New things are afoot over at Etsy right now–first off, they have a new About page for shops that lets you see a little bit behind-the-scenes of what goes on to make the items offered (and helps you make sure you’re not buying something you think is handmade that’s really cranked out by a sweatshop full of six-year-olds in Taiwan). There aren’t a lot of them up yet, since the option to build one just became available recently, but I would encourage anyone shopping to check out the About page of the shops they’re perusing. All of the ones I’ve seen have been really interesting. If you’re curious, here’s the one for my shop, House of Whimsy (which features Hellpuppy Kora, of course).
In other news, Etsy is hosting a Christmas in July Sale that many stores are participating in–search cij or christmasinjuly tags (or just Christmas in July) to find some great deals. It officially runs until 7/22, but a lot of shops seem to be extending their sale items until the end of the month.
This week, we have some quite excellent selections, starting with this bright and cheery plush Scarab Beetle sculpture from weirdbuglady (aka Brigette). Need an amoeba or a planarian to cuddle up with? She’s got you covered. When she isn’t creating new plush creepy-crawlies, she’s working on her PhD in entomology, which would explain why you can search organisms in her shop by Phylum. Nice. (more…)
Perfume comes from many sources: flowers, tree resins, herbs. One source that is a little controversial is the glands of animals. Musk comes from the civet, something like a mongoose, the North American beaver, and from the Asian musk deer. Of course, most of these compounds can be replicated through chemistry, but synthetic or not, a good perfumer should be familiar with the secretions that certain glands can naturally produce.
We applaud Black Phoenix for getting involved with glands. (We’re, on this site anyway, extremely concerned with the adrenal gland.) In Black Phoenix’s case, they have turned their attention and imagination to human male testicles.
Another Kickstarter has been launched. This time, I’m a third of it. As you might recall, Ken Plume and I wrote There’s a Zombie in My Treehouse! many moons ago. Art Meister Len Peralta provided illustrations and the book was published. We got written up in Wired, which was awesome, and we sold–and continue to sell–copies of the book. This is also awesome.
Now we’re looking at making the book available in a different format. Specifically, an iBook that contains not just the words and art but the words as read by various and sundry celebrity readers. Not all have been revealed–but so far the roster includes Alex Day, Kevin Murphy, James Urbaniak, Trace Beaulieu, Bill Corbett, Doc Hammer, Jackson Publick, Jonathan Coulton and John Hodgman.
If we make our initial goal, then the iBook happens. If we make our stretch goal, then we can fund the creation of a second Johnny Fry adventure entitled Conquest of the Snowmen. And we have a very special celebrity reader who will read that book, provided we can get it written. That reader is Neil Gaiman.
There’s a lot of stuff that comes out all the time, and the companies are want your attention and mostly…your coin. But, you know, it’s your coin and you have to take care where you spend it. With these posts we try to take you through recent releases so you can make up your mind. If you find the info here to be of use, do us a favor and purchase stuff from Amazon through us. Especially if you were going to buy the stuff anyway. That gives us kickbacks, which help pay for things. Like the server. And coffee. And therapy. We thank you.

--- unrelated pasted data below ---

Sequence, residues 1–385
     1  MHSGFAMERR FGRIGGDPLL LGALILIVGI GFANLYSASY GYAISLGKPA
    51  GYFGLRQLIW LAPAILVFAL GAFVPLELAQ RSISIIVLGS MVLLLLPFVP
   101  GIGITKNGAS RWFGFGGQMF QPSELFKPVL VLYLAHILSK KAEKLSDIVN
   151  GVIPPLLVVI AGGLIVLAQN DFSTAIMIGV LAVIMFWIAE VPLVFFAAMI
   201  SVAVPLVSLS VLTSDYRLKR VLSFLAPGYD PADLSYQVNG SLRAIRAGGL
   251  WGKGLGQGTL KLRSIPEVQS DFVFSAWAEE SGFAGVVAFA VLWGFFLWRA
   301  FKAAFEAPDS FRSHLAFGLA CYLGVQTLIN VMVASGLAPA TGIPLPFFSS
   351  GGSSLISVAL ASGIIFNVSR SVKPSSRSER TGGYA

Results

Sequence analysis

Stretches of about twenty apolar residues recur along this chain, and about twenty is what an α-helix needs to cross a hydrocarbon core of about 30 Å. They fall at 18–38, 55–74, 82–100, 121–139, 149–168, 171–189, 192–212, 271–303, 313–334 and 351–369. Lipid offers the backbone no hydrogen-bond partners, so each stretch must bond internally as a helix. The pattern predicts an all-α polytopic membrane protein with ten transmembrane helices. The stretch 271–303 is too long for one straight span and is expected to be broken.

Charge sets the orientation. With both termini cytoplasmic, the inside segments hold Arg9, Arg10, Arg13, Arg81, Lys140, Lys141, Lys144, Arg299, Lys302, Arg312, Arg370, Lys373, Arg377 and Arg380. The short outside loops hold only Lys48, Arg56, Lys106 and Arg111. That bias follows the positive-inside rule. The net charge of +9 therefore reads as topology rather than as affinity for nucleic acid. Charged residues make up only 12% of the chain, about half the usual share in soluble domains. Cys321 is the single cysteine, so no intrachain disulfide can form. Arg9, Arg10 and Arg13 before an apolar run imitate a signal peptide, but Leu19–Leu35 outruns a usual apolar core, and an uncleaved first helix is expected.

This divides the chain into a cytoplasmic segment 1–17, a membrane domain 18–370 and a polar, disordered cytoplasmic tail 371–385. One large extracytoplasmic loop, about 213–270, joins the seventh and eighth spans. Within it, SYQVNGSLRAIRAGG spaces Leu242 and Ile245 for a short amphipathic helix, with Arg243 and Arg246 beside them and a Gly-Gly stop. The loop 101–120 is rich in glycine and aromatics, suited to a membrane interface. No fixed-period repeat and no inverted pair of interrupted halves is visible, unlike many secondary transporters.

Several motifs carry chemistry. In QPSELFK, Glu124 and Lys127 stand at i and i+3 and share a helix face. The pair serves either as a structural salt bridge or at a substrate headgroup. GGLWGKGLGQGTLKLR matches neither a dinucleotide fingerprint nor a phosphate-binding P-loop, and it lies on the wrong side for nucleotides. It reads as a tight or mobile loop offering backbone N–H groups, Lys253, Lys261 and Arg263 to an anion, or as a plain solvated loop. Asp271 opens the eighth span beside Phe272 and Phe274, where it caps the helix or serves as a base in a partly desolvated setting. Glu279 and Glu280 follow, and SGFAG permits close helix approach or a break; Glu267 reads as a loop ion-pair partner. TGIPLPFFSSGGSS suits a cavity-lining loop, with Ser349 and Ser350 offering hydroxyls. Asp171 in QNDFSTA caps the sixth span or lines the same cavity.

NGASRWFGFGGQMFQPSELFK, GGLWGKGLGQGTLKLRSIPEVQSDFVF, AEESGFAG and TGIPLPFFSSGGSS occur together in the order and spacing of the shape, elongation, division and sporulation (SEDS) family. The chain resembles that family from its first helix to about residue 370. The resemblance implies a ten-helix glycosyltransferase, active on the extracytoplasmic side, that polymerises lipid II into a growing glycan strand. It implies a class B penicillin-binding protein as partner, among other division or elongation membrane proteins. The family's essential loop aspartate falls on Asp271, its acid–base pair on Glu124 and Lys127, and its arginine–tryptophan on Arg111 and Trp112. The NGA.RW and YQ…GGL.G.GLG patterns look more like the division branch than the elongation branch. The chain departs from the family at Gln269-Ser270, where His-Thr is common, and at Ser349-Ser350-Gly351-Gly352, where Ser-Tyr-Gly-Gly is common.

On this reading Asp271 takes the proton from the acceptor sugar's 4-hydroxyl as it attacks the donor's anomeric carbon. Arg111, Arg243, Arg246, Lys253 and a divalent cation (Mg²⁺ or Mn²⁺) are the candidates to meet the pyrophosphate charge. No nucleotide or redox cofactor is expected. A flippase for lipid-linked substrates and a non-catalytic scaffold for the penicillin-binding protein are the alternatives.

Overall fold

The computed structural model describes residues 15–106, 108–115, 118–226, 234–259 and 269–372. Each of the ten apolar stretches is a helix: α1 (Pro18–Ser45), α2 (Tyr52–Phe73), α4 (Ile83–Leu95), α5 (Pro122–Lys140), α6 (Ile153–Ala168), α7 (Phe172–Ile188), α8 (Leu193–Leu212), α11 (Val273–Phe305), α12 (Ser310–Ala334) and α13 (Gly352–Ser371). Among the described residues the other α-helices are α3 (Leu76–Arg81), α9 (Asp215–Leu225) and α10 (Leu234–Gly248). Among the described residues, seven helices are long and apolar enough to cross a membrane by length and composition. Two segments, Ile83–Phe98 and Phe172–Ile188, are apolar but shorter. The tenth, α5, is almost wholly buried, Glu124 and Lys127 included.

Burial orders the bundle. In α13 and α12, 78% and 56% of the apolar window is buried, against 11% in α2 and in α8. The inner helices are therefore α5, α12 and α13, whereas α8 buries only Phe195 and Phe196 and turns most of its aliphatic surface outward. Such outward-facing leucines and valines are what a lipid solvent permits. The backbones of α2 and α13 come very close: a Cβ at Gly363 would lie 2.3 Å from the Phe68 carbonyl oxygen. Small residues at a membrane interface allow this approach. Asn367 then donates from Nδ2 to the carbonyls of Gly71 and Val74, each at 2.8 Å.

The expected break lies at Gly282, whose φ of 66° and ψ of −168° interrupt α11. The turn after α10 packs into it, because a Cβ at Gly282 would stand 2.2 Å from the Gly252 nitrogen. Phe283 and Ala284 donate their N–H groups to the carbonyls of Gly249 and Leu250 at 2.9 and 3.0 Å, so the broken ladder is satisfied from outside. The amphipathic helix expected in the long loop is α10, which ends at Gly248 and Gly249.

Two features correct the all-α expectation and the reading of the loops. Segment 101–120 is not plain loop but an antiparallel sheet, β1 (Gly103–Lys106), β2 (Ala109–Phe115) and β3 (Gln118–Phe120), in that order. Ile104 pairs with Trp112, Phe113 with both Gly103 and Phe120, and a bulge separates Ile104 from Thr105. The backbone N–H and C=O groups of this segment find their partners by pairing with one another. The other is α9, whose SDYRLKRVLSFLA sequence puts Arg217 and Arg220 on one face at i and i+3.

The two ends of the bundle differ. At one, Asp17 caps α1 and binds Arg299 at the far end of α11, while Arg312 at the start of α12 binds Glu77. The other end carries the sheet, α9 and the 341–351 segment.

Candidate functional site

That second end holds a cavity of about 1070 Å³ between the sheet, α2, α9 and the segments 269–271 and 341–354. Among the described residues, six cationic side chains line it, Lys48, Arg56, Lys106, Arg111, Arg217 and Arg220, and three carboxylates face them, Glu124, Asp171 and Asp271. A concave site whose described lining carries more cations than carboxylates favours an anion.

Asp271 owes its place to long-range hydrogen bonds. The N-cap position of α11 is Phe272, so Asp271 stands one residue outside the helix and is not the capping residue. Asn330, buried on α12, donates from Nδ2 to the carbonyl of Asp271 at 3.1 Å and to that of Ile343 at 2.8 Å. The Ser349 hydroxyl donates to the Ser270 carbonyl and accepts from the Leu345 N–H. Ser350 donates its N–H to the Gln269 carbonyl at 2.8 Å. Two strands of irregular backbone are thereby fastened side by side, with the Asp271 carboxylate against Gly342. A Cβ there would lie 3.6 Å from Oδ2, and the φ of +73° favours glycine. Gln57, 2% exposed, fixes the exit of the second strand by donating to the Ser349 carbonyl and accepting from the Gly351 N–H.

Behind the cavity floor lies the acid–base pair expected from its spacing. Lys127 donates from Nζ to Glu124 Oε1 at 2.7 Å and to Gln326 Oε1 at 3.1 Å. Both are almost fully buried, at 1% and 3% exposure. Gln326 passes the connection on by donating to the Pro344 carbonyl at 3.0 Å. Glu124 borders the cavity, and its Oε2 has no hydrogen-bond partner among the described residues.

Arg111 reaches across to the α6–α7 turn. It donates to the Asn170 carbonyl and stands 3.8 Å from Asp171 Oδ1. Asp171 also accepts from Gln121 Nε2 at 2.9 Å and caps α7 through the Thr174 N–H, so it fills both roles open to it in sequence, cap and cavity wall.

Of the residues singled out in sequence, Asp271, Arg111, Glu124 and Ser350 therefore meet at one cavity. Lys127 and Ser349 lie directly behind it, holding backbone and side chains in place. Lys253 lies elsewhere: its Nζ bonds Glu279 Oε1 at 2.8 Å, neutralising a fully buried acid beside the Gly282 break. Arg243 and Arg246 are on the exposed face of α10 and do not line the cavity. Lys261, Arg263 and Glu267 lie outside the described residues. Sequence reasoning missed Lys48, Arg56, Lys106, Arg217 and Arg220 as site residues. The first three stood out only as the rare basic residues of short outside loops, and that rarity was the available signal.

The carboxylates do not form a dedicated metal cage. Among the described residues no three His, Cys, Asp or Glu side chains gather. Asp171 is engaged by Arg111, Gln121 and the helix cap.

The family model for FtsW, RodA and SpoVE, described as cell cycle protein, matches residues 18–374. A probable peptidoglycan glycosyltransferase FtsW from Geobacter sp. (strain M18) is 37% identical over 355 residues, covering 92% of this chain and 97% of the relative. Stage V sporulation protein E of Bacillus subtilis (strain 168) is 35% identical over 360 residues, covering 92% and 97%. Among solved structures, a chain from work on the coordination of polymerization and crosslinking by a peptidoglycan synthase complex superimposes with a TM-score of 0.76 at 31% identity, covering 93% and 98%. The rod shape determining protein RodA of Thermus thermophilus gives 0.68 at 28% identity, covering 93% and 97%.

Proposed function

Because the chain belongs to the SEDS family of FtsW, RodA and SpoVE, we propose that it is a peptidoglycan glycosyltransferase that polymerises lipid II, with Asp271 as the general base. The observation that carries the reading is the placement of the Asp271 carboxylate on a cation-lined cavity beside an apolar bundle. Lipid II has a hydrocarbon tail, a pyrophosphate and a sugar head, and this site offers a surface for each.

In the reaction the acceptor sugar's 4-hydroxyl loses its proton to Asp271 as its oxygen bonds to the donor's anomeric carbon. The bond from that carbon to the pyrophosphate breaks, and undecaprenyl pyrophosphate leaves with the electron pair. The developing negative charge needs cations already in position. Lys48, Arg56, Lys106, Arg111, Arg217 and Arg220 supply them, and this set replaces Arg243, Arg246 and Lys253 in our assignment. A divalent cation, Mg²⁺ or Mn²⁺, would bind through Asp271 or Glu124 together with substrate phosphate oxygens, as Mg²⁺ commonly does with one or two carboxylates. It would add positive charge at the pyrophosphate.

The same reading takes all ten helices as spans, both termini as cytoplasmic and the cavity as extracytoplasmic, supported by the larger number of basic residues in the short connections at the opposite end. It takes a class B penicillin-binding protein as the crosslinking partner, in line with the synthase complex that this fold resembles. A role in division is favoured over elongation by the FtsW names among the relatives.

Every so often, there comes a project the scope of which is kind of baffling–not just in terms of the physical components, but in emotional and psychic resonance. TOME, by Ben Templesmith’s new artist collective/publishing house 44Flood looks like it’s shaping up to be just such a project.
To quote directly from the Kickstarter Page:
TOME is an annual anthology in an oversized format showcasing world-class artists as they explore a single theme using the comic book, painting, and music mediums. And by oversized we’re talking big, around 11×17″ [fusion_builder_container hundred_percent=”yes” overflow=”visible”][fusion_builder_row][fusion_builder_column type=”1_1″ background_position=”left top” background_color=”” border_size=”” border_color=”” border_style=”solid” spacing=”yes” background_image=”” background_repeat=”no-repeat” padding=”” margin_top=”0px” margin_bottom=”0px” class=”” id=”” animation_type=”” animation_speed=”0.3″ animation_direction=”left” hide_on_mobile=”no” center_content=”no” min_height=”none”][They have since updated this to 12×18″] and 180 pages! That size will let you experience art and sequential storytelling in a way that would be almost impossible outside of standing in front of the original work itself.
This year’s TOME will focus on the theme of VAMPIRISM. Modern popular culture has shown us all kinds of depictions of vampires, from the silly to the subdued. The artists in TOME will each take 3-5 pages to explore what we think is a unique and relevant take on vampirism as a whole, including the misuse of power and the objectification and exploitation of others. And at the conclusion of each artist’s contribution, they’ll have a one-page interview conducted by another artist to continue their artistic exploration.